In my neverending quest to recycle, all the materials were from other things. The shoe bottoms were all cut out of a box that had held manila file folders or old, beat up manila folders. Every single heel and front were made from a single Panera bread bag. The ribbons and the fake berries were all from gifts (two were the handles from that Panera bread bag) I’d received.

This year I used a glue gun for assembly. It was AWESOME! I love my glue gun. Glues can take a long time to dry or just get messy. The glue gun was easier than the other adhesives I’ve tried.

There have been years were I made these for tons of people. I just don’t have time right now so I limited the recipient list to my immediate family and staff members. It took about 3 hours to cut out and assemble 10 of these.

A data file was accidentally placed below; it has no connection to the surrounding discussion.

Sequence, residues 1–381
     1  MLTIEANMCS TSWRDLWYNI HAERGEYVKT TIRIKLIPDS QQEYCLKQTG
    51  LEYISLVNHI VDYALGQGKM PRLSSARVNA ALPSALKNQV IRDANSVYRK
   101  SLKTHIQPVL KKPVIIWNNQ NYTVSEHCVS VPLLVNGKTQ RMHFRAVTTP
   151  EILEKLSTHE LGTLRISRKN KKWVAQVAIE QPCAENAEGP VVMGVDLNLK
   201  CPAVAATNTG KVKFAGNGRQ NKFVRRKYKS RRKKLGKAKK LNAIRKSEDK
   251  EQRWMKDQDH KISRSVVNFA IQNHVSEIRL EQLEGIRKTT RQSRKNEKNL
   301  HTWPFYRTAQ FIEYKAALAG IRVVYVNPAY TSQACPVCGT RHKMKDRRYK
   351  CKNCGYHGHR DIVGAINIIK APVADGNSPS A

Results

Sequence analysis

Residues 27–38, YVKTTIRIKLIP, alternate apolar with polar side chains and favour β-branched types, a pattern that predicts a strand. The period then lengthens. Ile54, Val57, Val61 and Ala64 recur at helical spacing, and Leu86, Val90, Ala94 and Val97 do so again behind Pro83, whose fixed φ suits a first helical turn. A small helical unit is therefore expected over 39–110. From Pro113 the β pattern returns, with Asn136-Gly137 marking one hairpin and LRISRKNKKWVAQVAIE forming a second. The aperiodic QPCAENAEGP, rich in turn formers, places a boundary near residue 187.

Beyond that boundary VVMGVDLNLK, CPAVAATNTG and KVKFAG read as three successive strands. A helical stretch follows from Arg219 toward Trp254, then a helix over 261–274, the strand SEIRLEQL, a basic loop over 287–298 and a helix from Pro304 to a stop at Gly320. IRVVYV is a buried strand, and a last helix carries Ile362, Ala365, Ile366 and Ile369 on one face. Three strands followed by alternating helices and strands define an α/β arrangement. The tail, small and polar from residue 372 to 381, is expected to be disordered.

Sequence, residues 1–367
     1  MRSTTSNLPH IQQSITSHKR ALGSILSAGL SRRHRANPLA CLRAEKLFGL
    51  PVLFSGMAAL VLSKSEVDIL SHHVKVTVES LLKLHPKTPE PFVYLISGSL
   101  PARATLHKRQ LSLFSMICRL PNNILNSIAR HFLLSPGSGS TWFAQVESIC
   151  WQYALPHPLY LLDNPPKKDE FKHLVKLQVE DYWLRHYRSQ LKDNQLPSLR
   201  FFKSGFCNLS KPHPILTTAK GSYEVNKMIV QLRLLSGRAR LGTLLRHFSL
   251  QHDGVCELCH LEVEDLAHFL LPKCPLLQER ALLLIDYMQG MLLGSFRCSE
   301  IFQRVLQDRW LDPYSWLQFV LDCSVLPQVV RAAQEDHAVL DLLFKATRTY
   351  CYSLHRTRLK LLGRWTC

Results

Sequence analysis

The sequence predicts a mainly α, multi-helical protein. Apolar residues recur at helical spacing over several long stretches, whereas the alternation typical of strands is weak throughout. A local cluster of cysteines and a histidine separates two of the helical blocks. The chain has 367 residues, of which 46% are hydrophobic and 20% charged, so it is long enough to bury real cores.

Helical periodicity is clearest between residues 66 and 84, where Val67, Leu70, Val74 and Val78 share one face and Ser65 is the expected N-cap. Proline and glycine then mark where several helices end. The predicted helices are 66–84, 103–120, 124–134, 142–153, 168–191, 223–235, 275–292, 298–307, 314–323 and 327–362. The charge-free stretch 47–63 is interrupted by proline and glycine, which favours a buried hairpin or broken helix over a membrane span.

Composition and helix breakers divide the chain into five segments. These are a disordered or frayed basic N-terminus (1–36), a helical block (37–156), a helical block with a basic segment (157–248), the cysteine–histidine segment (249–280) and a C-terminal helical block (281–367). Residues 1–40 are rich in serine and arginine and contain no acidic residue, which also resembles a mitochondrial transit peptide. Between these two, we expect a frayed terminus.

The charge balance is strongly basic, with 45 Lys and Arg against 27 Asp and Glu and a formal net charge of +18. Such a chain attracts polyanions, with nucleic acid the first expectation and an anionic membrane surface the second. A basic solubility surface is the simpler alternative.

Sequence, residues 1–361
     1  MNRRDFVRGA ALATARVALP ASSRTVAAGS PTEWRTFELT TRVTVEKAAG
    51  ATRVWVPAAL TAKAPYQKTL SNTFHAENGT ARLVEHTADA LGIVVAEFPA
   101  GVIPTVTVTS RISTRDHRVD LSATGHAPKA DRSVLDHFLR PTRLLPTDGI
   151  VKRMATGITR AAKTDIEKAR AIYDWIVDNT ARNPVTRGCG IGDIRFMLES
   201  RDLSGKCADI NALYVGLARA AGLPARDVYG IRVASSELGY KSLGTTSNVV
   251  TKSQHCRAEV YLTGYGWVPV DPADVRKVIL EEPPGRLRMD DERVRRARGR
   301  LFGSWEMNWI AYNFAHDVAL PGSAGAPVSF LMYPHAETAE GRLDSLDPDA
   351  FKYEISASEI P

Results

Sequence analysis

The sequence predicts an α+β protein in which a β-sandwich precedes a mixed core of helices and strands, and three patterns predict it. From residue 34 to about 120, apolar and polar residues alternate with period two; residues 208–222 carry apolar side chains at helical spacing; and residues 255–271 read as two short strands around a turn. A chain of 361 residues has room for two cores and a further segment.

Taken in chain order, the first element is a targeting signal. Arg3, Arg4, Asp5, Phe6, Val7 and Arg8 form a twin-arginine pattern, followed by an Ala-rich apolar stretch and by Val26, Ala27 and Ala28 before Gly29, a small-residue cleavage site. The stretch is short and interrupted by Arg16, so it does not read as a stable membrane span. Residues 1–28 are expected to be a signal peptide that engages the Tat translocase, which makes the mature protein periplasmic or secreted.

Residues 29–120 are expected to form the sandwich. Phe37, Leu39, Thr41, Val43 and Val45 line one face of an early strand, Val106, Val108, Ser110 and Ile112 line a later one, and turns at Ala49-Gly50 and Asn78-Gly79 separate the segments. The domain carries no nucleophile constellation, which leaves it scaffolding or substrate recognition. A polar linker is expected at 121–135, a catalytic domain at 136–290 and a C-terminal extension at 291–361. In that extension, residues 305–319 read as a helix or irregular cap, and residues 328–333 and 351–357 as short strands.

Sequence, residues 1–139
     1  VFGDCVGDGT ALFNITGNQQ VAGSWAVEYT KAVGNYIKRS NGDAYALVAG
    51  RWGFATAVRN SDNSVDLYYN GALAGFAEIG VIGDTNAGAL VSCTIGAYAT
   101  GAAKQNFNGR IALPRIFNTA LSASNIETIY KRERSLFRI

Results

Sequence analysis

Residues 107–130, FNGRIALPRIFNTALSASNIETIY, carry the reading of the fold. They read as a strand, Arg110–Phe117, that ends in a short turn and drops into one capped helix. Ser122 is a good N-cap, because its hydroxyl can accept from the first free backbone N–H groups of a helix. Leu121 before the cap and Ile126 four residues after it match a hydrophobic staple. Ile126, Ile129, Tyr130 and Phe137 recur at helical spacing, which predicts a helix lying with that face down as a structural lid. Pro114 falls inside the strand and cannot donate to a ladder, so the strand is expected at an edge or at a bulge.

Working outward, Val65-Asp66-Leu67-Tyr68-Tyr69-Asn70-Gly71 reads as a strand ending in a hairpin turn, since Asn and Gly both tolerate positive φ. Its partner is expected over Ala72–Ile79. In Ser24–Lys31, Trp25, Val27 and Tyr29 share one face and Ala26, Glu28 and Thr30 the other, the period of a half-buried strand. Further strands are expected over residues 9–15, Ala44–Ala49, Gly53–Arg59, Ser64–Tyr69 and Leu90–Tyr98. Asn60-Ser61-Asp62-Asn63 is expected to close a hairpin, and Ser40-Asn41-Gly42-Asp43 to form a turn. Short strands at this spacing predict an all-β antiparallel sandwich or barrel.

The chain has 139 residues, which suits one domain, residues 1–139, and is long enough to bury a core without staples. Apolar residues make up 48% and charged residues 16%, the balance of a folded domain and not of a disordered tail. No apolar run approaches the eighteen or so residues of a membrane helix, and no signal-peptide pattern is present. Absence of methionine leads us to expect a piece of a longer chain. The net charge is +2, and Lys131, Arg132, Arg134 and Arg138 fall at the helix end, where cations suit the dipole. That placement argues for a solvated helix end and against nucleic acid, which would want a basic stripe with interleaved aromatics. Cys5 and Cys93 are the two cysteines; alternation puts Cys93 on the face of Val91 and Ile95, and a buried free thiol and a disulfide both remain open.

In another first, I’m not filling them with candy. I made muffins instead (I’ll post the recipe and results soon).

So Happy St. Nicolas Day to you, wherever you are.

Pika Pika Pikachu

I was reading my Instructables newsletter and saw some DIY Halloween costume. That little blurb persuaded me to do some searching to try to come up with something fun for my little son, the Monkey King.

I came across an Instructable for a piñata costume and thought it was really cute. But I don’t like to copy so I had to think about how I could make it my own. It didn’t take long for me to decide that my son would be “Piñata’s revenge”. He would carry a stick and demand candy. Cute right? My son said he wanted to be Pikachu. So we settled on a Pikachu piñata out for revenge.